Which drugs cause toxic neuropathy?

Updated: Dec 06, 2017
  • Author: Jonathan S Rutchik, MD, MPH, FACOEM; Chief Editor: Tarakad S Ramachandran, MBBS, MBA, MPH, FAAN, FACP, FAHA, FRCP, FRCPC, FRS, LRCP, MRCP, MRCS  more...
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Answer

A variety of drugs and industrial chemicals cause distal axonopathy. In 1989, Kimura listed the following as potential causes of toxic neuropathy [6, 7] :

  • Amiodarone

  • Chloramphenicol

  • Dapsone

  • Disulfiram

  • Gold

  • Isoniazid

  • Lithium

  • Metronidazole

  • Nitrofurantoin

  • Nitrous oxide

  • Perhexiline maleate

  • Phenytoin

  • Thalidomide

  • Vincristine

In August 2013, the US Food and Drug Administration (FDA) announced that oral or injected fluoroquinolone antibiotics can cause permanent peripheral neuropathy and that labels on the drugs will be updated to reflect this finding. (Topical fluoroquinolones have not been associated with this condition.) [8, 9]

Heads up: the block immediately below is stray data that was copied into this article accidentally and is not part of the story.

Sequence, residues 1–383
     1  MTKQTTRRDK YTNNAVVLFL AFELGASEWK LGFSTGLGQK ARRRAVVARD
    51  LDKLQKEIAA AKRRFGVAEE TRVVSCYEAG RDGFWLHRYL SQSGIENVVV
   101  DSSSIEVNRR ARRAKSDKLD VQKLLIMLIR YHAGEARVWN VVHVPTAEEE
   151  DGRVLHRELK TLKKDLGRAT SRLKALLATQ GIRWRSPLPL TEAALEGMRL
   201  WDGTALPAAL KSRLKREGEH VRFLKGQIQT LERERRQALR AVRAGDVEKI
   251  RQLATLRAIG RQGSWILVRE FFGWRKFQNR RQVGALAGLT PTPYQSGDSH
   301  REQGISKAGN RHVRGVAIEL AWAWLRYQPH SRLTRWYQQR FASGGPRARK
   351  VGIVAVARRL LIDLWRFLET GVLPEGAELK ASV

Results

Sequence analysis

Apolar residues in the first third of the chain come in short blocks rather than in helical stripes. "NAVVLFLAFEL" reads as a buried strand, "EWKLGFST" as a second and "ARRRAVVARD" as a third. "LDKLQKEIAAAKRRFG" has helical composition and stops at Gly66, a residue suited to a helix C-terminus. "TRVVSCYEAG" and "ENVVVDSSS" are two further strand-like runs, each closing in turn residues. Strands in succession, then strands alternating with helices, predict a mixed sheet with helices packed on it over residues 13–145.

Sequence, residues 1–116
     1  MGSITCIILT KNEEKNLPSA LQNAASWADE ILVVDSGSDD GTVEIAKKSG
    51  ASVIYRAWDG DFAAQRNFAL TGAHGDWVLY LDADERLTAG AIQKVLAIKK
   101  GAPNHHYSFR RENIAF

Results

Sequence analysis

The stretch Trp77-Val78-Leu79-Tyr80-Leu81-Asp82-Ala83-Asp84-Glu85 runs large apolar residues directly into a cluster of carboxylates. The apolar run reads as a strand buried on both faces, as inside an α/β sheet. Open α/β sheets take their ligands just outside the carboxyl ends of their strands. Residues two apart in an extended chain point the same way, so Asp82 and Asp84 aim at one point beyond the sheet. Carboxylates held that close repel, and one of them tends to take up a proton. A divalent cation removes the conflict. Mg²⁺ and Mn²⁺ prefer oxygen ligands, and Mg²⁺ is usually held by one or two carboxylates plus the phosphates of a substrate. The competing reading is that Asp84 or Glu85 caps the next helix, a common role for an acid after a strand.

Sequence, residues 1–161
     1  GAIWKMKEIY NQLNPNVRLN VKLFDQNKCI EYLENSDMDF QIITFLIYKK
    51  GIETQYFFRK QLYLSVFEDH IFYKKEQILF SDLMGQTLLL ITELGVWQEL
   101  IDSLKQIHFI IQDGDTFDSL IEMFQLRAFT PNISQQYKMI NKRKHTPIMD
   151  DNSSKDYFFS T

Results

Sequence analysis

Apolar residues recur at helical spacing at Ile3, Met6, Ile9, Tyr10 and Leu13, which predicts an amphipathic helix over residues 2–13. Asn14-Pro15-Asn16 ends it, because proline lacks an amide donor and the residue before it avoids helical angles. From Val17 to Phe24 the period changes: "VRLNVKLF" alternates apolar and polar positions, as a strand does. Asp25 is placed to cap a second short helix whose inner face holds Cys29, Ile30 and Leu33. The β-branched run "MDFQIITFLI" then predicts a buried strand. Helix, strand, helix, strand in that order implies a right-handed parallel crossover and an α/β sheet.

The change strengthens the FDA’s previous warning, first added to fluoroquinolone labels in 2004, that oral and injectable fluoroquinolones carry a risk of peripheral neuropathy. The 6 FDA-approved fluoroquinolone antibiotics on the market are ciprofloxacin, gemifloxacin, levofloxacin, moxifloxacin, norfloxacin, and ofloxacin. [8, 9]


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